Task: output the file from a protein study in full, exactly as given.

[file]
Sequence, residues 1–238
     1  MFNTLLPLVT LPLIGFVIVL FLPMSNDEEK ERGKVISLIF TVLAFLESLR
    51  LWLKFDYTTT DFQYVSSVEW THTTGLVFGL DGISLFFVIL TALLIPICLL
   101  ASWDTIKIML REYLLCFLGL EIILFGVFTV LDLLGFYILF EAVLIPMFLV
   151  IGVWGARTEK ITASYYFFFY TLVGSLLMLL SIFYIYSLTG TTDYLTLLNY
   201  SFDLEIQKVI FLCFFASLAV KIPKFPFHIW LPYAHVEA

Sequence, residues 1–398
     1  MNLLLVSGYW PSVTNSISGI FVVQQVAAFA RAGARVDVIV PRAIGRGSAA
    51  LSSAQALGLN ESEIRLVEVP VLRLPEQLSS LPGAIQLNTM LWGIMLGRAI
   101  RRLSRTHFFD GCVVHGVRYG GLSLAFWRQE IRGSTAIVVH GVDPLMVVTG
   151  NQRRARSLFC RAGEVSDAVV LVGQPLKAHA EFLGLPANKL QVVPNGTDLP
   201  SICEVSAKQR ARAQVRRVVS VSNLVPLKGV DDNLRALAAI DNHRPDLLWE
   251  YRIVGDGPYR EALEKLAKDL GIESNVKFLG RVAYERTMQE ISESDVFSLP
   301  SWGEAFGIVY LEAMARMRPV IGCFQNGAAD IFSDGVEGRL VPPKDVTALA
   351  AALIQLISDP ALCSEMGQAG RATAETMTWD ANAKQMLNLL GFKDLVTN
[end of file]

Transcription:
Sequence, residues 1–238
     1  MFNTLLPLVT LPLIGFVIVL FLPMSNDEEK ERGKVISLIF TVLAFLESLR
    51  LWLKFDYTTT DFQYVSSVEW THTTGLVFGL DGISLFFVIL TALLIPICLL
   101  ASWDTIKIML REYLLCFLGL EIILFGVFTV LDLLGFYILF EAVLIPMFLV
   151  IGVWGARTEK ITASYYFFFY TLVGSLLMLL SIFYIYSLTG TTDYLTLLNY
   201  SFDLEIQKVI FLCFFASLAV KIPKFPFHIW LPYAHVEA

Sequence, residues 1–398
     1  MNLLLVSGYW PSVTNSISGI FVVQQVAAFA RAGARVDVIV PRAIGRGSAA
    51  LSSAQALGLN ESEIRLVEVP VLRLPEQLSS LPGAIQLNTM LWGIMLGRAI
   101  RRLSRTHFFD GCVVHGVRYG GLSLAFWRQE IRGSTAIVVH GVDPLMVVTG
   151  NQRRARSLFC RAGEVSDAVV LVGQPLKAHA EFLGLPANKL QVVPNGTDLP
   201  SICEVSAKQR ARAQVRRVVS VSNLVPLKGV DDNLRALAAI DNHRPDLLWE
   251  YRIVGDGPYR EALEKLAKDL GIESNVKFLG RVAYERTMQE ISESDVFSLP
   301  SWGEAFGIVY LEAMARMRPV IGCFQNGAAD IFSDGVEGRL VPPKDVTALA
   351  AALIQLISDP ALCSEMGQAG RATAETMTWD ANAKQMLNLL GFKDLVTN